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This article is from the January/February 2005 issue of Practical Winery & Vineyard Magazine. Order current or back issues here.


January/February 2005

BY W.D. Gubler, P.E. Rolshausen, F.P. Trouillas, J.R. Urbez, T. Voegel
Dept. of Plant Pathology, University of California, Davis, CA
G.M. Leavitt, University of California Cooperative Extension, Madera, CA
E.A. Weber, University of California Cooperative Extension, Napa, CA

Grapevine trunk diseases are responsible for significant economic losses to the wine industry worldwide. Symptoms of these diseases include dead spurs, arms, and cordons and eventual vine death due to canker formation in the vascular tissue. In Eutypa dieback, deformed leaves and shoots occur as the pathogen invades spur positions. As cankers develop, yield reductions occur due to the loss of productive wood. The impact of grapevine wood diseases can be significant in older vineyards, and usually becomes more severe as vineyards become older.

Eutypa dieback, caused by Eutypa lata was originally thought to be responsible for most canker development in California vineyards. However, recent findings have highlighted the importance of other fungi involved in the death and decline of grapevines in California. In this regard, Botryosphaeria species have also been recovered from cankers, and were determined to be the main cause of canker diseases in some California vineyards.

Recent research has also indicated the occurrence of several new fungal trunk disease pathogens of grapevine belonging to the family Diatrypaceae (the same family as Eutypa). These include Eutypa leptoplaca, Cryptovalsa ampelina, Diatrype species, and Diatrypella species. We will present current information on the epidemiology and control strategies of fungal organisms responsible for grapevine spur, cordon, and trunk dieback in California.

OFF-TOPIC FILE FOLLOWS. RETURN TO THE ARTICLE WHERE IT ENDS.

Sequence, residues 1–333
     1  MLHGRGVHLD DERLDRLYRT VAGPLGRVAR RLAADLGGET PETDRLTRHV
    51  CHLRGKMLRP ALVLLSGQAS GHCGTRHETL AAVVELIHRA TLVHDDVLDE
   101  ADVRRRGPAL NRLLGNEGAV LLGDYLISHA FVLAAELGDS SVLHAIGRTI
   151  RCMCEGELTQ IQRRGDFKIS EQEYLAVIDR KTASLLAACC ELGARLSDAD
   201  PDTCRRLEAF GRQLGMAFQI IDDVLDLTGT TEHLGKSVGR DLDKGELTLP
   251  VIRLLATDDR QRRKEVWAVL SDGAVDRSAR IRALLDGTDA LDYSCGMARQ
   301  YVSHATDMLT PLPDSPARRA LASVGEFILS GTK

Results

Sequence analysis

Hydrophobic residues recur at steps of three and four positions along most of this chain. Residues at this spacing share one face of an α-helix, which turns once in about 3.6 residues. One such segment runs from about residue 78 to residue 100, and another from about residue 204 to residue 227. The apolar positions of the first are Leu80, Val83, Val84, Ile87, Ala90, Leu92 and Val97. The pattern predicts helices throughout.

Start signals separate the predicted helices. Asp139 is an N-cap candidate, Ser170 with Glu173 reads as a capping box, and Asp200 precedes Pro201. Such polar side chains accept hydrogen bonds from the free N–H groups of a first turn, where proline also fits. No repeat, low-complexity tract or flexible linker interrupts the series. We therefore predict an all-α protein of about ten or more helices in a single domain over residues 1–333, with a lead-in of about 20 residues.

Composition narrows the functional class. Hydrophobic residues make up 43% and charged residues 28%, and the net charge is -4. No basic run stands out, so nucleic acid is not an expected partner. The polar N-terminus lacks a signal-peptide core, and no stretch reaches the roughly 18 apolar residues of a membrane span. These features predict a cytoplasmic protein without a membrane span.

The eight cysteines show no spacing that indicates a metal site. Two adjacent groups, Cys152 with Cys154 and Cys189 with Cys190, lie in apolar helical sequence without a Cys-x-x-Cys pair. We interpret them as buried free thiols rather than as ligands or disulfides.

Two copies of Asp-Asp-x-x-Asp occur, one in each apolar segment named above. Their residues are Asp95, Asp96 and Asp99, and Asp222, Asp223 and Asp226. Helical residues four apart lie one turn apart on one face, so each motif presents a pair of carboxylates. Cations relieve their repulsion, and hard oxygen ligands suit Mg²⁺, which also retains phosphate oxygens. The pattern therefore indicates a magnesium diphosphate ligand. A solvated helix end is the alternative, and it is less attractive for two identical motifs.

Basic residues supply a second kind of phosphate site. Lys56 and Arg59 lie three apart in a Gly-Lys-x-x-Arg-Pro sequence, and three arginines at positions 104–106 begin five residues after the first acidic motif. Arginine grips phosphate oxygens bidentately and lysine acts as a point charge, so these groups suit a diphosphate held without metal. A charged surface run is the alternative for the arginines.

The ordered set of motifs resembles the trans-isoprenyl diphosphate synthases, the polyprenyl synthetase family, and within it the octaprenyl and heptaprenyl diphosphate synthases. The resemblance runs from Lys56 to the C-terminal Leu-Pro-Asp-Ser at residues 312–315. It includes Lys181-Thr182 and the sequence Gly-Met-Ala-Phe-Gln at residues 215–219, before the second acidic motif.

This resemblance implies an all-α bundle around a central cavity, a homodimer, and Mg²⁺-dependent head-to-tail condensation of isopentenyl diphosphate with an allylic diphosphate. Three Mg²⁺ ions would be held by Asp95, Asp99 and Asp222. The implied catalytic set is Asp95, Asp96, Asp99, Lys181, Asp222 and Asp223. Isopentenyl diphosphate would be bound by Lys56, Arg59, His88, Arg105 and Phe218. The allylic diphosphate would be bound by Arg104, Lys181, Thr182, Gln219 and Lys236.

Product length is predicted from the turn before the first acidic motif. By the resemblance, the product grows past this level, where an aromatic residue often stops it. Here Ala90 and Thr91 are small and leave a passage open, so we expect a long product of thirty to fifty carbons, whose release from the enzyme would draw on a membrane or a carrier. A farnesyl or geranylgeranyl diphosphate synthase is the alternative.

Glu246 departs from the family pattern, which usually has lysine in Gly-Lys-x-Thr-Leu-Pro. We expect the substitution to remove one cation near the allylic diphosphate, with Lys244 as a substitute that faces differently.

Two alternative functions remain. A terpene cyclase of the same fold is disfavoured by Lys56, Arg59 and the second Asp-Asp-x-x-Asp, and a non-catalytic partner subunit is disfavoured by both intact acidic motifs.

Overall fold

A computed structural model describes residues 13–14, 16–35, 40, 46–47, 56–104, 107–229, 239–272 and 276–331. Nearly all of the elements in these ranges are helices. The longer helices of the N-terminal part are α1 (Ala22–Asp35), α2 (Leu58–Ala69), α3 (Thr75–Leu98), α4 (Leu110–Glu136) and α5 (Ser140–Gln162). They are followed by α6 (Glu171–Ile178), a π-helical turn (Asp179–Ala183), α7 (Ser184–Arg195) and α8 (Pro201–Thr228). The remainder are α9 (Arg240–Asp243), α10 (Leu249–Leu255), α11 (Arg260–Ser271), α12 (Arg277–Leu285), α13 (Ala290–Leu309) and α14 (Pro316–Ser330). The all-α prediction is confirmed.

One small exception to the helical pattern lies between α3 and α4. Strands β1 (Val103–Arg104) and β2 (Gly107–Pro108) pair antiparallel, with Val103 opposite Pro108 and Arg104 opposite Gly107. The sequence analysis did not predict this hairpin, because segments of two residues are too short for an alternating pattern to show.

Eutypa dieback
Eutypa dieback was responsible for a loss in net income for California wine grapes estimated to be over $260 million in 1999. Many growers consider Eutypa to be the most significant disease of grapevines.

Typical symptoms of E. lata include formation of a wedge-shaped canker and stunted shoots with cupped, tattered, chlorotic, and necrotic leaves that are best seen in spring time. Foliar symptoms are due to toxins produced by E. lata. Differences in susceptibility of grapevine cultivars to infection have been reported, although no cultivars are immune. Cankers develop downward at a faster rate than toward the end of cordons and also increase in diameter over time. Extended infection of grapevines by E. lata leads to vine death.

Eutypa lata spreads to new pruning wounds by wind-driven and water-splashed ascospores released during rain events. Ascospores develop inside perithecia (fungal fruiting bodies) that form when the fungus enters its sexual stage. The sexual stage develops on dead wood, where masses of perithecia are produced in a black substrate referred to as stroma (Figure II). The sexual stage develops in regions that receive over 16 inches of rain. It is common to find stroma and perithecia on old grapevines and other types of wood in the North Coast and Delta production areas.

Ascospores infect grapevines through fresh pruning wounds during the dormant season. They germinate, invade xylem vessels, weaken the plant by producing toxins and cause wood decay by excreting cell wall degrading enzymes.

Eutypa lata also produces asexual spores called conidia. These are formed inside pycnidia (another type of fruiting body) that develop on wood, but these conidial spores do not play a role in disease epidemiology.

In California, ascospore discharge of E. lata occurs from the first rain of the early fall until the last rains of the spring (Figure III). Ascospore discharge decreases significantly in late February and remains low to nil by early March (Figure IX).

However, ascospore release may occur during rains in March and April if they are preceded by several weeks of no rain and sunny, warm weather. Such releases may occur because perithecia are able to recover in productivity during the dry period, or because spores that would have been released in the winter months are released in the spring simply because they were not released in the winter. This scenario more often occurs in years when there is little rainfall during the winter months.